Lynching Beyond Dixie also has the laudable effect of bringing otherwise forgotten lives back into the historical narrative. True, the vast majority of lynching victims were southerners, but, as Sundiata Keita Cha-Jua notes in his addition to the collection, while only three percent of African Americans were lynched outside the South, "that three percent mattered" (169); as did the lives of the hundreds of Mexicans, Native Americans, Chinese, and whites who were lynched across the country. In his essay on race riots in Springfield, Ohio, Jack S. Blocker points out that from the perspective of African Americans, life was no less dangerous outside the South, since violence tended to occur in proportion to population size.

Yet, if the goal of Lynching Beyond Dixie is to challenge the distinctiveness of southern lynchings or, as Pfeifer writes, to "compel us to rethink the geography, chronology, and social relations" of lynching practices (7), it does not quite succeed. The best essays examine lynchings and responses to lynchings outside the South, not to obscure geographic (or chronological) boundaries, but to demarcate and comprehend them. What we learn is how much the practice of lynching and its effects were bound by space and place, as Campney's quote makes clear. Campney's finely-crafted essay explores Reconstruction-era racial violence in Kansas to overturn presumptions that a relative degree of interracial harmony existed there after the Civil War. That illusion of harmony was due to the influence of the state's Radical Republicans, who called for black social and legal equality out of principle or, in the case of moderates, out of a pragmatic adjustment to social reality and law. Campney, however, examines incidents of racist violence after the Civil War that reveal the attitudes of a "great mass of silenced white Kansans" (83)—a silent majority. He, importantly, shifts our conception of Reconstruction away from a series of bloody events confined to the South. Yet, his essay also shows the political forces that made those Kansans "silenced" compared to their counterparts in the South. Similarly, William Carrigan and Clive Webb's essay on the lynching of Mexicans in Arizona explores the reasons why lynching in that state ended after a 1915 lynching of two Mexican outlaws. That particular lynching spurred a strong reaction from political authorities concerned about the credibility of their new state with the rest of the nation and with business investors. Both essays underscore how drastically conditions in these two states differed from those in the South.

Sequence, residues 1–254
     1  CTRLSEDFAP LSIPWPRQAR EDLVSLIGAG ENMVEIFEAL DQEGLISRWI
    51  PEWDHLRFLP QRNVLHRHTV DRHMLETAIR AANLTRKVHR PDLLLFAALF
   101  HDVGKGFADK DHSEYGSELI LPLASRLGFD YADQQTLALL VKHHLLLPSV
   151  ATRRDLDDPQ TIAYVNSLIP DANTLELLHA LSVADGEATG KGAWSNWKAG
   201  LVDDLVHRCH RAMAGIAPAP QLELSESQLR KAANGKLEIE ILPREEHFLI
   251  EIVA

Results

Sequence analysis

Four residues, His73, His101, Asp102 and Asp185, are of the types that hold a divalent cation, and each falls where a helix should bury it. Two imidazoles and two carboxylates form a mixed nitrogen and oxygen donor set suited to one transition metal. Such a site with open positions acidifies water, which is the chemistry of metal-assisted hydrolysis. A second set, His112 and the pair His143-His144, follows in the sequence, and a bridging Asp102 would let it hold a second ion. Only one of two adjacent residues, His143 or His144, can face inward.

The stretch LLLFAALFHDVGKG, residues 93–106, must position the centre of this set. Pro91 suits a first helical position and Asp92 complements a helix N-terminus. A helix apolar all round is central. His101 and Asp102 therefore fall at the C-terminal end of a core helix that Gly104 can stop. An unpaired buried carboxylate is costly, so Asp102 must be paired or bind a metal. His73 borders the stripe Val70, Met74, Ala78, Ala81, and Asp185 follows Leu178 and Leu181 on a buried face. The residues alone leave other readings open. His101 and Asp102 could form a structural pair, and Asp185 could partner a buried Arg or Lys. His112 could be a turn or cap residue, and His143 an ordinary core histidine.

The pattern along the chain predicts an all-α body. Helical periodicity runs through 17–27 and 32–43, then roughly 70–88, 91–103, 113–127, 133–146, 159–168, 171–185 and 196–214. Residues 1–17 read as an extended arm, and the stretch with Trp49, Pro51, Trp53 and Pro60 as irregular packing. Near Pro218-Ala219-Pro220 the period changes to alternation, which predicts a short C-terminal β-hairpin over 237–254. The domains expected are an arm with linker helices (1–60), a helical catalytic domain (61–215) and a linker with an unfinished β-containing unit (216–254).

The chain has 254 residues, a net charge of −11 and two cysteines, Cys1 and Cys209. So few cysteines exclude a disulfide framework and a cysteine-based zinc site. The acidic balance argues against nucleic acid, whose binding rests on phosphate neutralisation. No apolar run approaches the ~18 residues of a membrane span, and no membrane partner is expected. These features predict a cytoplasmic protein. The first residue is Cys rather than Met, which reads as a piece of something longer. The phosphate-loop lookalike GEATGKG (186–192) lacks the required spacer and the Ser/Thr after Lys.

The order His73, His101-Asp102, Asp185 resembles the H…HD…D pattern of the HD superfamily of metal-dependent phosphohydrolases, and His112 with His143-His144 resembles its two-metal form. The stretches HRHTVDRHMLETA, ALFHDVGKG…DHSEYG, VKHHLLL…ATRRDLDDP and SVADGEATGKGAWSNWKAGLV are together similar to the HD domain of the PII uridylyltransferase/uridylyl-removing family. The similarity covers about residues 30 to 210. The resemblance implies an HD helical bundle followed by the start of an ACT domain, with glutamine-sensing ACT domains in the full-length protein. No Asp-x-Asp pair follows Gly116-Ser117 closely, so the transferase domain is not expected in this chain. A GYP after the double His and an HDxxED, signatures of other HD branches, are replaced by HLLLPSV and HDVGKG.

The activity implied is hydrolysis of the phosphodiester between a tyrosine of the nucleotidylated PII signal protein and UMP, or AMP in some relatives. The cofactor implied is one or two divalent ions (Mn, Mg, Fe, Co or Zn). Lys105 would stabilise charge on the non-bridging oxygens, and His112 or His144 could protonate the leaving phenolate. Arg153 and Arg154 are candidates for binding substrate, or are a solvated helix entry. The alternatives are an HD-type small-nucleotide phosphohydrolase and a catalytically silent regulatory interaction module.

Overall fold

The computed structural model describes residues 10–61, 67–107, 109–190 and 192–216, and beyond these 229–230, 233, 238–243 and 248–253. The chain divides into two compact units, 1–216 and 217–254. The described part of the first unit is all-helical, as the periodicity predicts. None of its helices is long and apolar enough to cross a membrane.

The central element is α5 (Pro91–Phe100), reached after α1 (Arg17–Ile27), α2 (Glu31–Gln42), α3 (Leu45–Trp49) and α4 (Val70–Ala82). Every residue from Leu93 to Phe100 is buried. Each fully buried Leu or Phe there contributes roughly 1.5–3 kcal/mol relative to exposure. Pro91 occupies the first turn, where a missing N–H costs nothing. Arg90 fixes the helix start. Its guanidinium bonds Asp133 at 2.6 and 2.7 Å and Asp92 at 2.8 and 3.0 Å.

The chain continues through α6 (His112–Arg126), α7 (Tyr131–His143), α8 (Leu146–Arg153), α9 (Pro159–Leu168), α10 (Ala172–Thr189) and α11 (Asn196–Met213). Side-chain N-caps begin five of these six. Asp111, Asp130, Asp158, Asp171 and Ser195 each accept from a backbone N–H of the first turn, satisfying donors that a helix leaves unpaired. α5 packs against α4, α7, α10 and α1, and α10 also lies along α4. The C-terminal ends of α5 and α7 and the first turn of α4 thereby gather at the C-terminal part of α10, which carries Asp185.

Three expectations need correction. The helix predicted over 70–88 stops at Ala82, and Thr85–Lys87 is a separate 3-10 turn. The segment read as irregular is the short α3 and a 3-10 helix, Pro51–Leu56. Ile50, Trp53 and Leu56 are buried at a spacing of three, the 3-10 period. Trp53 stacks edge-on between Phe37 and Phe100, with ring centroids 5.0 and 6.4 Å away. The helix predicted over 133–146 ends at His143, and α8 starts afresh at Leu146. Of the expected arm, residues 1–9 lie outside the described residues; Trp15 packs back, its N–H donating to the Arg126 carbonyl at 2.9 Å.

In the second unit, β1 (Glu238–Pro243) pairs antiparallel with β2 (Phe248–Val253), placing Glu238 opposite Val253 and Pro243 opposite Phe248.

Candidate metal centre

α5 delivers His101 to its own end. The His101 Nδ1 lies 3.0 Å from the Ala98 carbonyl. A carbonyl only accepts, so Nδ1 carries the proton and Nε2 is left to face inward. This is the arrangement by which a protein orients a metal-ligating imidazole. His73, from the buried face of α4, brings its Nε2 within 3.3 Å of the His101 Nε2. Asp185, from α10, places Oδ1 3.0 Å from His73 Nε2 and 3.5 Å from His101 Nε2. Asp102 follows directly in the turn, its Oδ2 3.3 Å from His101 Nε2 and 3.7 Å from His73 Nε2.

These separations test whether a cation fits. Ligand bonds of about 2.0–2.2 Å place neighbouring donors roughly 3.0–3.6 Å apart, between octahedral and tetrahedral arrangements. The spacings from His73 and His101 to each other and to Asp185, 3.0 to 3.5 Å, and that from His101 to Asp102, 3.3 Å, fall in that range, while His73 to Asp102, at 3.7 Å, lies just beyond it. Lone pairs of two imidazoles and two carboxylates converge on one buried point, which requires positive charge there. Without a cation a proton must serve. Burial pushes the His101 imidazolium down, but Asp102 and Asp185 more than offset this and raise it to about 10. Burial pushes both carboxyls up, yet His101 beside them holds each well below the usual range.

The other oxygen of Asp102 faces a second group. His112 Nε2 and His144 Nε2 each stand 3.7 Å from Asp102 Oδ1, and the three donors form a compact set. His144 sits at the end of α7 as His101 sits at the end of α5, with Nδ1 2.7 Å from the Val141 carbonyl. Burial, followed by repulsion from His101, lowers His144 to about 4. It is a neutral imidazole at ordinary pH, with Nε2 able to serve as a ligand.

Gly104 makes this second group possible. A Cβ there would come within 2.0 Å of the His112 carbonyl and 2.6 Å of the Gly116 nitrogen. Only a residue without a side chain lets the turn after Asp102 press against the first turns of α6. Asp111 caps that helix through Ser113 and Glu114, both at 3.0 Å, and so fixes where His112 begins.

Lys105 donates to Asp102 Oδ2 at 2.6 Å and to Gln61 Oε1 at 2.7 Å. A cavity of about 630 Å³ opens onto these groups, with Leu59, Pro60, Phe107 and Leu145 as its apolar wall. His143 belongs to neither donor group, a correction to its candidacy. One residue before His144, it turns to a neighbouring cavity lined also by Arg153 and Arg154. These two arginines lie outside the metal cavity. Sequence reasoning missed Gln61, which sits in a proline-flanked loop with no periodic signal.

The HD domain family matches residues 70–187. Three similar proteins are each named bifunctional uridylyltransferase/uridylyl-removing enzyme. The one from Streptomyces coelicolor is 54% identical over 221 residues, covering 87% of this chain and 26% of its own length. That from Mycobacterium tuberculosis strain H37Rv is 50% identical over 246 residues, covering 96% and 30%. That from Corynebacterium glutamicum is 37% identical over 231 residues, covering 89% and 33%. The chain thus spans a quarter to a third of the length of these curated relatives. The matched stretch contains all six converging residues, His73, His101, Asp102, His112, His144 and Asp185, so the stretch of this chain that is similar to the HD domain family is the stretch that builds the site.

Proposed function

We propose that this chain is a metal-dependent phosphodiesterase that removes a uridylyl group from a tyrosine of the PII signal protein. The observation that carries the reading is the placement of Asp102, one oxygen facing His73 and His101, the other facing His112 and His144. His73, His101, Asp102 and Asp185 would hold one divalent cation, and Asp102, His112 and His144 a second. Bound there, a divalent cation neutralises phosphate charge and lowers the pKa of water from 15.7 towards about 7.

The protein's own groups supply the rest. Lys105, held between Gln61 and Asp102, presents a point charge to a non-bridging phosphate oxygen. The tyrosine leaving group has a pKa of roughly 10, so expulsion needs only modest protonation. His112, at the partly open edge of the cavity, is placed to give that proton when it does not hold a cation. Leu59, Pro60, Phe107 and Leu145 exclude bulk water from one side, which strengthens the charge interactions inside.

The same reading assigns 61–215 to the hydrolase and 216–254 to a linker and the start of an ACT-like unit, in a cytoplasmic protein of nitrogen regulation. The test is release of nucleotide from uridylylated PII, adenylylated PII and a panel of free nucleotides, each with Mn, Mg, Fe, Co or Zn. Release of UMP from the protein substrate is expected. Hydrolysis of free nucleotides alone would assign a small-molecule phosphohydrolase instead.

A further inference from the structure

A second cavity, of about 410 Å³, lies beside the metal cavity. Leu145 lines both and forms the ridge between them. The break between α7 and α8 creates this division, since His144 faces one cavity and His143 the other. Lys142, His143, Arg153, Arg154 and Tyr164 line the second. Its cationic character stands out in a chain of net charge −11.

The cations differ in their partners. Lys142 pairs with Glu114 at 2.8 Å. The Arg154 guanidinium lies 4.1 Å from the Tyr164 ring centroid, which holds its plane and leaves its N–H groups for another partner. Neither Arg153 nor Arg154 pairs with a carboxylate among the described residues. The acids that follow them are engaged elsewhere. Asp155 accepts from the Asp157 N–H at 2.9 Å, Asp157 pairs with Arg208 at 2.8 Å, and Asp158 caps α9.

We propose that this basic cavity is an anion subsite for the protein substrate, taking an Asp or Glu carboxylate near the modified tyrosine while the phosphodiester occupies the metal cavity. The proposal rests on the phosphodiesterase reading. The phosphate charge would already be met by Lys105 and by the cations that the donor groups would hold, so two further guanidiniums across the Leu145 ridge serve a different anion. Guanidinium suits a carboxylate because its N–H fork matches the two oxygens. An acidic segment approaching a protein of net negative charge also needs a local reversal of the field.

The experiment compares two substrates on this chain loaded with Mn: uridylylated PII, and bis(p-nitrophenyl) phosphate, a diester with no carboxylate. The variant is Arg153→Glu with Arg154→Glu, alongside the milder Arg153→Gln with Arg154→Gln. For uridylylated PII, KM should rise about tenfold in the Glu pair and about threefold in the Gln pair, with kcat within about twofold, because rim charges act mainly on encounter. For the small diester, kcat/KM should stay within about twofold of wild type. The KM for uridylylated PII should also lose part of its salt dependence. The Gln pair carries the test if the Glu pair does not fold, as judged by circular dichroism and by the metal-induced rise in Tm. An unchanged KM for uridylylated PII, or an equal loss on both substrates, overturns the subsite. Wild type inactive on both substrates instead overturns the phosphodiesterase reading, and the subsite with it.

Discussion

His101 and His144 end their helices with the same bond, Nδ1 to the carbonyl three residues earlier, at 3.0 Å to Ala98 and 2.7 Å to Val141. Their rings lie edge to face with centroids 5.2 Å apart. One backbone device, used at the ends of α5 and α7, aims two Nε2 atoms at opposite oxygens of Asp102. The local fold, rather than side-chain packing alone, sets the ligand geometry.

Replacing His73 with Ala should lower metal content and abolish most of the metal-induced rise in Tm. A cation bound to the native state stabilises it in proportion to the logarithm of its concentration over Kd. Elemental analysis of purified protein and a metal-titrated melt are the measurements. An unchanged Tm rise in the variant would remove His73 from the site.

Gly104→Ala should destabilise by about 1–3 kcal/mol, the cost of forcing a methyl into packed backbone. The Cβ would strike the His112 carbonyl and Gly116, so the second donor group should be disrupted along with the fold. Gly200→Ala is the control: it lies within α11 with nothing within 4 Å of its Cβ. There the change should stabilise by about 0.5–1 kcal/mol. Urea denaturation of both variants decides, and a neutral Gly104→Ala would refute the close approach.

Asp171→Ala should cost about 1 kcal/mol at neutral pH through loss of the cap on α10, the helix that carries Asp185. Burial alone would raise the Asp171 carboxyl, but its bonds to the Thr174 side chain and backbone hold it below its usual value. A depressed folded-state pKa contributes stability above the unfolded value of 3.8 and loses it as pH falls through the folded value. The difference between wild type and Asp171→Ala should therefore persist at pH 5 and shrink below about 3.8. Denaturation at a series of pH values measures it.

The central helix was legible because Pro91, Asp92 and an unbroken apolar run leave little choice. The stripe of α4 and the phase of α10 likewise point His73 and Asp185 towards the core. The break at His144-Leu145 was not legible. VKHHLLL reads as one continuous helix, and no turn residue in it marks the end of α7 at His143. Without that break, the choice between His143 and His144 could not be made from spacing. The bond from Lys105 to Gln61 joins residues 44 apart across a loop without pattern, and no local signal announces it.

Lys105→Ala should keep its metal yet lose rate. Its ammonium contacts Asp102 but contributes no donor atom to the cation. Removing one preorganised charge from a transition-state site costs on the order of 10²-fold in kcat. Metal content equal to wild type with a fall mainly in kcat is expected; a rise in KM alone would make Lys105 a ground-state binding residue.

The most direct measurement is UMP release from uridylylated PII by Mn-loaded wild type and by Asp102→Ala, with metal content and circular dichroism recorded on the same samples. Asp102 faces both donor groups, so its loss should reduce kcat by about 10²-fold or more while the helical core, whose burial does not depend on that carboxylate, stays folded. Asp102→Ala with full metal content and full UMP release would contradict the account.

Two essays provide interesting case studies of local African American activism against lynching, a vastly understudied topic. Cha-Jua's offers an illuminating account of local black resistance to an 1893 lynching in Decatur, Illinois. Dennis Downey examines local responses to a 1903 lynching in Wilmington, Delaware, of a black laborer, George White, accused of assaulting a young white woman. Specifically, the lynching spurred African Americans in the city to stage a public protest led by the minister and activist Montrose W. Thornton. These essays bring to light stories of black empowerment and allow the reader to glimpse ways in which acts of protest influenced national civil rights activities. Yet, again, these essays ultimately reinforce sectional differences. Scholars of southern lynchings have found a dearth of successful public black protests in the South, not because they have not looked for them, but because the repercussions for African Americans who acted openly against lynching in the South were swift and brutal. The essays beg us to consider the conditions in northern localities that allowed protests to occur. Racial animosity might have been as deep outside the South, and certainly many citizens had equal desires for "rough justice," but countervailing forces existed in many of these non-southern states to mitigate the effects of that animosity and propensity for vengeance. Pfeifer shows as much in his essay on lynching in Michigan, where only seven people were lynched in the history of the state, due to both the "preponderance of Yankee settlers" who were more likely to reject vigilantism and accept racial equality, and the relative paucity of immigrants from the South. Ultimately, Lynching Beyond Dixie, including Pfeifer's own essay, reinforces the very geographical distinctions it was meant to challenge.